Geoffrey Trease has been writing history adventure stories over an incredible 63-year span. Apart from some Marxist views in his first few stories leading to lines such as "The capitalists will hang on to the last ditch!", his winning formula has remained very similar.
A teenage hero or heroine of impeccable morals and unquestioned virginity sets out on a quest. Help is usually on hand from a largely benign environment marred only by the odd villain or two. After several dangerous episodes, virtue finally wins its own reward.
Such adventures are invariably set at times of great historical interest.Meticulously researched, they teach as well as entertain. In his latest work, Danger in the Wings, the background to the American War of Independence is linked to the British theatre in the age of Garrick and Sheridan.
Dan, a young American over here to learn acting, falls for his lovely stage colleague Jessica. A jealous rival steals letters Dan's parents have sent him from Boston and then accuses him of being a spy. Dan just escapes with the aid of Jessica - and a couple of stage pistols - to return one day when he can. A note at the end confirms that, while the hero and heroine are imaginary, most of the other characters are based on real people including "Gentleman" William Smith, the old Etonian who would never act on Monday as it interfered with his fox hunting, and Henry BateDudley, the Fighting Parson and theatrical talent-spotter.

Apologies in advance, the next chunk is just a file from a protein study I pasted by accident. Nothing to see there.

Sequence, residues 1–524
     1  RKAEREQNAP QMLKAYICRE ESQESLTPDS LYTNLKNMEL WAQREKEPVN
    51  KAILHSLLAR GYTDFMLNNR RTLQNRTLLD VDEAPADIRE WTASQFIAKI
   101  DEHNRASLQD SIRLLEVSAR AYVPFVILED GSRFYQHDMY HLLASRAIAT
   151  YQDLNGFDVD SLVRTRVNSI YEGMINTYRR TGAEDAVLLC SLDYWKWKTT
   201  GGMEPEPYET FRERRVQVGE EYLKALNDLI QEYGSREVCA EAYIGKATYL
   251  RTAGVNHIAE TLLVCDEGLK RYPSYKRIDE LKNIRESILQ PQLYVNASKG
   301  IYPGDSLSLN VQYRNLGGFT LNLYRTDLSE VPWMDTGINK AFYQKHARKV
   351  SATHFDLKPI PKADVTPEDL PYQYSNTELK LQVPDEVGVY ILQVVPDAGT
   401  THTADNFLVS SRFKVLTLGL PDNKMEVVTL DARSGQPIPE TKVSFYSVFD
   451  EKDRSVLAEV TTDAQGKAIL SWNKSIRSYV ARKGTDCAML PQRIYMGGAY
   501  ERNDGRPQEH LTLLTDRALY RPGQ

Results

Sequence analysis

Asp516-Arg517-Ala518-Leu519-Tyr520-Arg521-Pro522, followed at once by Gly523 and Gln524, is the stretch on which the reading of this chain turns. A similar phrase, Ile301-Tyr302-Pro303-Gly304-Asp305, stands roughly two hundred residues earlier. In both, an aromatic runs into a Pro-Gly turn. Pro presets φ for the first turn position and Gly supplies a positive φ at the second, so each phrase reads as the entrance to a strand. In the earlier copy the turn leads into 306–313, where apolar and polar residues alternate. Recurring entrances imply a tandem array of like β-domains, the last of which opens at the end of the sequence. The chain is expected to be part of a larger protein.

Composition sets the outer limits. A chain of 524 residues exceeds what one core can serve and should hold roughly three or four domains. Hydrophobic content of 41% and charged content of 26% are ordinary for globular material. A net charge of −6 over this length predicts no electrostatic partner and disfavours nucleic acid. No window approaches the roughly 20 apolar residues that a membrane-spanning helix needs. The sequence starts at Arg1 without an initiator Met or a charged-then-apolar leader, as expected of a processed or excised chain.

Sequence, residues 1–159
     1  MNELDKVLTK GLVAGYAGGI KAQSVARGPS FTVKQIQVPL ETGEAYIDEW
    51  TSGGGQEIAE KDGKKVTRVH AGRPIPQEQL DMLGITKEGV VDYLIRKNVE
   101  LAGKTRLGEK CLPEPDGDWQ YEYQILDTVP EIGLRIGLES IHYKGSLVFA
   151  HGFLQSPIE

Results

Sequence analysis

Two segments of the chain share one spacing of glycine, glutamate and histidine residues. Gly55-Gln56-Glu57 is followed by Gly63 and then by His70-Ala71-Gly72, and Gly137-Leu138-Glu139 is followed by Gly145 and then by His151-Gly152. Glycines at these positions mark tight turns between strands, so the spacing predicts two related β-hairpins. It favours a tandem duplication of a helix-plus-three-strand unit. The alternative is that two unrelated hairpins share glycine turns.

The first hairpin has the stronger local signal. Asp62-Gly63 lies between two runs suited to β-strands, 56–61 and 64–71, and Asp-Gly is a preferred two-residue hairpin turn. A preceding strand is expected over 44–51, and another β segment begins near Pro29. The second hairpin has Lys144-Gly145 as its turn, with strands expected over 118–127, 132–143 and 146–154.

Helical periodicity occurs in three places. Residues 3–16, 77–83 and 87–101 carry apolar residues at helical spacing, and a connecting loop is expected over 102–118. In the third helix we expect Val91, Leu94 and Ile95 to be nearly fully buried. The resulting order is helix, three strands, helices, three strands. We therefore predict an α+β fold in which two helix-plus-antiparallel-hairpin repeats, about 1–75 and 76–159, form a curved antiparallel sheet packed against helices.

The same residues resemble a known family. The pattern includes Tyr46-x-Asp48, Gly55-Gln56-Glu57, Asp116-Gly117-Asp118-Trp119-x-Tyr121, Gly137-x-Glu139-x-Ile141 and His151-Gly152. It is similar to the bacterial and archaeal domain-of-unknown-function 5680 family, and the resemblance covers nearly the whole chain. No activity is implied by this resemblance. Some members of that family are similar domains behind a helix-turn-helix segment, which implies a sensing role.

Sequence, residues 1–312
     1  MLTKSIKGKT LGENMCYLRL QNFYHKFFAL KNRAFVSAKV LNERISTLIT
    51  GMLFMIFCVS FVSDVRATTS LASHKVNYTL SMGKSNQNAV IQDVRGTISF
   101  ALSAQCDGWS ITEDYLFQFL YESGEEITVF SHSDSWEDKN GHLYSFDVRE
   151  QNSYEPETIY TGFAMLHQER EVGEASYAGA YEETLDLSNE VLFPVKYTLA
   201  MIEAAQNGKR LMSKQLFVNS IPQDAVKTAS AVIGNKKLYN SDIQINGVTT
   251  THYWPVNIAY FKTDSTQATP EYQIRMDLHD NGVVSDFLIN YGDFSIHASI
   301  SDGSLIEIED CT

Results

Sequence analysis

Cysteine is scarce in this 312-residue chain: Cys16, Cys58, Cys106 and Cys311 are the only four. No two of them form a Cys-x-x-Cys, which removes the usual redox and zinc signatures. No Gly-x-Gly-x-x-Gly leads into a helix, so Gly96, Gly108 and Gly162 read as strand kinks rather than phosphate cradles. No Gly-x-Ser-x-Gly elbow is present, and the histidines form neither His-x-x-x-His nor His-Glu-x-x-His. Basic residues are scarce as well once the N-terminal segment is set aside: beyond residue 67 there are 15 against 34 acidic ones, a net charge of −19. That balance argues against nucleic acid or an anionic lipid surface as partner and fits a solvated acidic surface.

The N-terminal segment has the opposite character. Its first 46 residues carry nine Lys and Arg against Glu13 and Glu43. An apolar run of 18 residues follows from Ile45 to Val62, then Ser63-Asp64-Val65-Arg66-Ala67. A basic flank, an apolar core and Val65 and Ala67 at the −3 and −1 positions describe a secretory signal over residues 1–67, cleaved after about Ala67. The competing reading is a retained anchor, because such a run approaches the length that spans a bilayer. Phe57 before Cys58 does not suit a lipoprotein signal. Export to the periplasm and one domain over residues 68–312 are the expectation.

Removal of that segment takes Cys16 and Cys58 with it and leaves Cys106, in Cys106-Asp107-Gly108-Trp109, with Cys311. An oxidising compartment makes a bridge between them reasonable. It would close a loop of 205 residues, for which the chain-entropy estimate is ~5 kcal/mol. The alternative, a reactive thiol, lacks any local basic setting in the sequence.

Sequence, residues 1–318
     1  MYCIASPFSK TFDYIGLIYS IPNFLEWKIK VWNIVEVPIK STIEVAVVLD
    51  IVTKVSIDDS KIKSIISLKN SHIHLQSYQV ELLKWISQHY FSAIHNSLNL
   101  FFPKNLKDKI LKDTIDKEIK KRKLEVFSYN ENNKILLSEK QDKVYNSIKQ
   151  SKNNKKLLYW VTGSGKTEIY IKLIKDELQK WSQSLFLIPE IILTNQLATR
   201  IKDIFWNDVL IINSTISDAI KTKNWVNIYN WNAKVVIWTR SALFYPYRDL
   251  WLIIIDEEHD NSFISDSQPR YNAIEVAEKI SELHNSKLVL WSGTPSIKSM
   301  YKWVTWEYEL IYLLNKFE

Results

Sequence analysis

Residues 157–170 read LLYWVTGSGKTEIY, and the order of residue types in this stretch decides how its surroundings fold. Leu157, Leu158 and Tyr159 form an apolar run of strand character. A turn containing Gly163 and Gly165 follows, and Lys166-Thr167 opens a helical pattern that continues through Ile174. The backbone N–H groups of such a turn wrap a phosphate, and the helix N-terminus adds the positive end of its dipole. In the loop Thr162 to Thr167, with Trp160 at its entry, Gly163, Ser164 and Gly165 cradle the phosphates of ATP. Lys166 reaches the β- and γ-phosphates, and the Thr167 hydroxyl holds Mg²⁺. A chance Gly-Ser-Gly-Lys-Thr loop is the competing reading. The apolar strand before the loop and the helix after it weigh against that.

A more flamboyant writer such as Leon Garfield would have concentrated on character and atmosphere. Trease prefers to describe in detail how scenery was once hauled from town to town by huge "caterpillars" - special coaches long enough to carry the lengthy stage flats. There are other digressions, for example, on the history of Bath or highwaymen.
The writing is always clear if a little staid (a visit to Vauxhall Gardens and a brief, innocent encounter with a prostitute is still condemned on the next page as "somewhat unsavoury"). Words like "glee" and "zest" look back to a previous age of historical writing, but such is Trease's professionalism that his story continues to carry readers along as before. No chapter is long enough to drag, and each ends on a note of interest or suspense.
This may be history with the more seamy side omitted, or very much played down. But with so much attention to harsh realism in contemporary teenage stories, there is a need for some quieter, less generally alarming imaginary journeys. The national curriculum's emphasis on the importance of historical fact should also work in favour of this gentle master-craftsman, whose personal charm and devotion to studying the past shine forth.